No [Global] Warming Up To A Nuisance: Supreme Court Finds Clean Air Act Preempts Federal Climate Change Nuisance Claim

Environmental Litigation

Power PlantOn Monday, the highest court in the land held in American Electric Power Co., Inc. v. Connecticut that federal common law nuisance claims relating to climate change are displaced (or “preempted” for you traditionalists out there) by the Clean Air Act (CAA) and Environmental Protection Agency (EPA) action authorized by the CAA. The case began in 2004 when eight states and New York City sued American Electric Power Company, Inc. and three other private electric companies as well as the Tennessee Valley Authority for federal common law nuisance as well as state tort claims. (It was quickly consolidated with a similar case brought by non-profit environmental land trusts.) The plaintiffs’ federal common law nuisance claim was based on their contention that, as the “five largest emitters of carbon dioxide in the United States,” the defendants’ actions resulted in a “substantial and unreasonable interference with public rights.” That’s the “what”… here’s the “why”…
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CARB’S AB 32 Scoping Plan Environmental Analysis – Take Two

Climate Change

Polluting StacksOn Monday, the California Air Resources Board (CARB) released a Supplement to the environmental analysis (known as the Functional Equivalent Document) of the 2008 AB 32 Scoping Plan. The Supplement provides CARB’s revised analysis of the alternatives to the greenhouse gas reduction measures proposed in the Scoping Plan, including alternatives to the cap-and-trade program.

The Supplement comes in direct response to a San Francisco Superior Court judge’s ruling against CARB. As we have previously blogged (here, here, here, and here), in Association of Irritated Residents v. California Air Resources Board (a case brought by environmental groups against CARB), the court ruled that CARB violated the California Environmental Quality Act (CEQA) in its original environmental analysis of the alternatives to the greenhouse gas reduction measures proposed in the Scoping Plan. In its press-release and the Supplement itself, CARB is quick to point out that it “disagrees with the trial court finding and has appealed the decision.” However, CARB decided to revisit the alternatives “to remove any doubt in the matter.”

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Running on Empty: California’s Clean Vehicle Rebate Program Funds May Be Tapped Out By July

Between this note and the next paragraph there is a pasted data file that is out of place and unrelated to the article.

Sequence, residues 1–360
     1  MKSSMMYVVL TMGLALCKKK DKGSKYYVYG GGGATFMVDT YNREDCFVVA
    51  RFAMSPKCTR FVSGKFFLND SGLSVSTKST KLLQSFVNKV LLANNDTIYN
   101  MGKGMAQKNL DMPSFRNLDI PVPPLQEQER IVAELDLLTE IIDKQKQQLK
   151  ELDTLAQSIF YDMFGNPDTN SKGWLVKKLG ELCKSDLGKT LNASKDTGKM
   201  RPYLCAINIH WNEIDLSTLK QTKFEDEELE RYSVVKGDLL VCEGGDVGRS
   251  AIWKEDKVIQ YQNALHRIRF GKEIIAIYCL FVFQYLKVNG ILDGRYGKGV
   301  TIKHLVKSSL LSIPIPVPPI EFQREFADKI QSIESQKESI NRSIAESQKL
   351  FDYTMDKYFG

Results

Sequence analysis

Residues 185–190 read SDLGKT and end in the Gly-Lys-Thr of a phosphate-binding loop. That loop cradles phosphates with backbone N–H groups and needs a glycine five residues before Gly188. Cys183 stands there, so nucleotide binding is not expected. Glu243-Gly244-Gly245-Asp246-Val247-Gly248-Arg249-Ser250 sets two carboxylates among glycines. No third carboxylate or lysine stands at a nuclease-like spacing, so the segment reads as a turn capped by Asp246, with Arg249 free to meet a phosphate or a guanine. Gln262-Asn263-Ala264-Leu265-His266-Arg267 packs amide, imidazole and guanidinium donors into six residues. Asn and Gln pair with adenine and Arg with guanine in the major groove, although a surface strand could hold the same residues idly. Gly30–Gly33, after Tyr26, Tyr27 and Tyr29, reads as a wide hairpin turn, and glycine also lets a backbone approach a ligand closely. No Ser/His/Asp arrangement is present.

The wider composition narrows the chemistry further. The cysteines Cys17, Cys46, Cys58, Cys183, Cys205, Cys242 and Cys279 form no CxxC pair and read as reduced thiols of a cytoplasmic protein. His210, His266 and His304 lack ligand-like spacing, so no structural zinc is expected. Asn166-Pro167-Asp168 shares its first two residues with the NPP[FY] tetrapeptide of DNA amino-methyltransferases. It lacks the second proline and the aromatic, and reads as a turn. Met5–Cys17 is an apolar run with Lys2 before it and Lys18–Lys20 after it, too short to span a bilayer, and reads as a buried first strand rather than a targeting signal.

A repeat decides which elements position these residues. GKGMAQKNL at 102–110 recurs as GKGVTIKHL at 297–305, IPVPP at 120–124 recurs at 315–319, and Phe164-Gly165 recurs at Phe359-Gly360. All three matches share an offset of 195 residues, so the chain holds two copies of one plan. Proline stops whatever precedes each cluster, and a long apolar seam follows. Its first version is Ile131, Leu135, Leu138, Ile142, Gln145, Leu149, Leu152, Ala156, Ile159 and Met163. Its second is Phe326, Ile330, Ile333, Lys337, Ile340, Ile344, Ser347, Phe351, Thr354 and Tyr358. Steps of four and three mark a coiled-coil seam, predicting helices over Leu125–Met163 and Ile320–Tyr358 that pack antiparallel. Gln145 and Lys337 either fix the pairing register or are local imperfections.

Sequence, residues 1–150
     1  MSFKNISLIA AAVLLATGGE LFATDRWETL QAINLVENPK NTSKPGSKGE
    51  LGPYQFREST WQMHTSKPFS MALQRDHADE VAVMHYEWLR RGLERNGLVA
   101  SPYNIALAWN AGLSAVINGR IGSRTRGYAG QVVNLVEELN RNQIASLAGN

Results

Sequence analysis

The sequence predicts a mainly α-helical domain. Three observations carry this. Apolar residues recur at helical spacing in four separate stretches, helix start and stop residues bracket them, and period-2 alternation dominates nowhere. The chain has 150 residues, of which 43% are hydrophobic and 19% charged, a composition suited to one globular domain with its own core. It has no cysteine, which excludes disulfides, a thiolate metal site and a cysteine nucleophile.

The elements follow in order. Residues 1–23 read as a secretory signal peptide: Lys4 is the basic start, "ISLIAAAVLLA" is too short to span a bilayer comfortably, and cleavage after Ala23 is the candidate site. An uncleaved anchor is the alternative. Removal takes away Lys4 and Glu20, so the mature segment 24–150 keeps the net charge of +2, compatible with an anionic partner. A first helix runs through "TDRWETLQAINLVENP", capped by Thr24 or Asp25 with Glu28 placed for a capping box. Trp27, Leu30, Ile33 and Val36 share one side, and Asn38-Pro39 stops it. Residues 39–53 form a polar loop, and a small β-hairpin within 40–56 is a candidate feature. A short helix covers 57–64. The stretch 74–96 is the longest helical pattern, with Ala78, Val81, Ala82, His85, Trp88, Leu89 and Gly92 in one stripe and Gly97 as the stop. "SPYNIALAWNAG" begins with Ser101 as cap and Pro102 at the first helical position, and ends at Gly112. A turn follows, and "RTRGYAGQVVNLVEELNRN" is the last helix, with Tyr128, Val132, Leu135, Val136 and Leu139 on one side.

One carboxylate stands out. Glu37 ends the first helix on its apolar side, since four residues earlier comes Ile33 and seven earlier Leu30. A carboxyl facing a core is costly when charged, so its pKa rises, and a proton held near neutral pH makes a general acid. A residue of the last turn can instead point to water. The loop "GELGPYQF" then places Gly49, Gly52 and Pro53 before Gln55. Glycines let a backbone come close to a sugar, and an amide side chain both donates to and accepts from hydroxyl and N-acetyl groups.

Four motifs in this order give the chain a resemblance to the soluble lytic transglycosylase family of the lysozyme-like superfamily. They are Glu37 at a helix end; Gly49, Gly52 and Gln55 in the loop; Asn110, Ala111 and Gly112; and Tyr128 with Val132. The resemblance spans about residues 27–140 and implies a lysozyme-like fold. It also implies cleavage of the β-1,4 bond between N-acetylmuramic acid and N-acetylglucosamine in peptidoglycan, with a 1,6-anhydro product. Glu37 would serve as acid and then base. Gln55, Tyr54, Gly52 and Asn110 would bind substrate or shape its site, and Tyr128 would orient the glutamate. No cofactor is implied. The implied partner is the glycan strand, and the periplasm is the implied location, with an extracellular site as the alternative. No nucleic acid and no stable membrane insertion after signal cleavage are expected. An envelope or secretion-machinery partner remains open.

Clean Technology

Electric CarIn what the Air Resources Board (ARB) is calling “a wonderful problem to have,” the Clean Vehicle Rebate Project (CVRP) is projected to run out of funds by next month. I don’t think this comes has a huge shock to those of us that are Angelinos. After all, we are pretty accustomed to seeing electric vehicle charging stations all over town… someone must be using them! Among those using them are the approximately 1,700 people that have, thus far, received a rebate for purchasing a zero emission vehicle.
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Update #3 on CEQA/AB32 Case: California Appellate Court Temporarily Stays Lower Court’s Ruling

Climate Change

CongressWe have previously blogged (here and here and here) about Association of Irritated Residents v. California Air Resources Board. You know… the San Francisco Superior Court case brought by environmental justice groups challenging the California Air Resources Board’s (CARB) environmental analysis of AB 32. We last reported that Judge Goldsmith had issued a final judgment narrowing and clarifying his ruling and that CARB filed an appeal.

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No Second Guessing EPA: CERCLA Citizen Suit Cannot Interfere With Ongoing Cleanup

Environmental Litigation

RiverThis week, the Ninth Circuit ruled that the Comprehensive Environmental Response, Compensation, and Liability Act (CERCLA) does not give a federal district court jurisdiction to adjudicate claims for past noncompliance with an order issued by the Environmental Protection Agency (EPA). The decision, Pakootas v. Teck Cominco Metals, Ltd., affirms that CERCLA’s citizen suit provision cannot be used to second guess an ongoing CERCLA cleanup action.

From 1905 to 1995, slag from defendant Teck Cominco Metals Limited’s (Teck Cominco) smelter located in British Columbia was dumped into the Columbia River, ten miles north of the border with Washington. The pollution flowed downstream from Canada into the United States. In 1999, parties petitioned EPA to investigate the environmental contamination in the Columbia River and Lake Roosevelt. In 2003, EPA determined that the site was eligible for inclusion on CERCLA’s so-called “Superfund List” as a top priority for cleanup.
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